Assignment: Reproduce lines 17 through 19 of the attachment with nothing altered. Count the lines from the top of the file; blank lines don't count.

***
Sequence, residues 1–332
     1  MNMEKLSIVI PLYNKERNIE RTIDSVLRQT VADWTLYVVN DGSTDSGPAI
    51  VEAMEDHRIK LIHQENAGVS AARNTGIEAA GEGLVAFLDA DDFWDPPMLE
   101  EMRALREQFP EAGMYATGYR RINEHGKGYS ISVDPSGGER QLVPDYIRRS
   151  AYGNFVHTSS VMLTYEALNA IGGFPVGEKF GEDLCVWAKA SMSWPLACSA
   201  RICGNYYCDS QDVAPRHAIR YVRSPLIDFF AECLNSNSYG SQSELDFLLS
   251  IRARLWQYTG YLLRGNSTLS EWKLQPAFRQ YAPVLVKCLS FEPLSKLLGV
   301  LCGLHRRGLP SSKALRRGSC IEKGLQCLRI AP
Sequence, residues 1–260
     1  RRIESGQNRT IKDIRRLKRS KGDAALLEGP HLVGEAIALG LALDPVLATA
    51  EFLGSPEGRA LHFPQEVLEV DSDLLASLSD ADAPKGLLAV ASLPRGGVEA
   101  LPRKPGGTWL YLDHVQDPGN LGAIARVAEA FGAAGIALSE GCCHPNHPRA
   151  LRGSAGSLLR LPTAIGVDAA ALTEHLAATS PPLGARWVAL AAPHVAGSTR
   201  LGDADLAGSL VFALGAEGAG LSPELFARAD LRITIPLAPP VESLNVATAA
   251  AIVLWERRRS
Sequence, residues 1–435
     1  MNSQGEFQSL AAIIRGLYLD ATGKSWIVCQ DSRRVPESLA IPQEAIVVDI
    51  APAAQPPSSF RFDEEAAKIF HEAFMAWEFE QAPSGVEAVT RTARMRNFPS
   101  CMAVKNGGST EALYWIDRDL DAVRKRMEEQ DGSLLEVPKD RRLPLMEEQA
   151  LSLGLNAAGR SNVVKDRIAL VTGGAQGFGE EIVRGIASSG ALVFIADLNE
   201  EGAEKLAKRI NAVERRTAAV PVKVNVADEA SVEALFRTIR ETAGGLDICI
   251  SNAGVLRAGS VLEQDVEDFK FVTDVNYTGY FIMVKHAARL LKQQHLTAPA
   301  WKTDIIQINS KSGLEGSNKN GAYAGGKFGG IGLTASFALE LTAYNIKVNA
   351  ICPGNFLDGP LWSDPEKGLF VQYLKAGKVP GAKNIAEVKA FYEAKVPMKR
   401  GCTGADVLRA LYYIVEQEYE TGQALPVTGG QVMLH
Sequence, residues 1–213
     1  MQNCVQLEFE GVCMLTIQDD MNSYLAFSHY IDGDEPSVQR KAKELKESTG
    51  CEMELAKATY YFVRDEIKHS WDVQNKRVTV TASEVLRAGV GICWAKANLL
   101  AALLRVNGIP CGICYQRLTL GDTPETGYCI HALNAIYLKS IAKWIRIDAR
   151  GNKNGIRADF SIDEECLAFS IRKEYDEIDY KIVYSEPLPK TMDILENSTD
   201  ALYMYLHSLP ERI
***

     1  MNSQGEFQSL AAIIRGLYLD ATGKSWIVCQ DSRRVPESLA IPQEAIVVDI
    51  APAAQPPSSF RFDEEAAKIF HEAFMAWEFE QAPSGVEAVT RTARMRNFPS
   101  CMAVKNGGST EALYWIDRDL DAVRKRMEEQ DGSLLEVPKD RRLPLMEEQA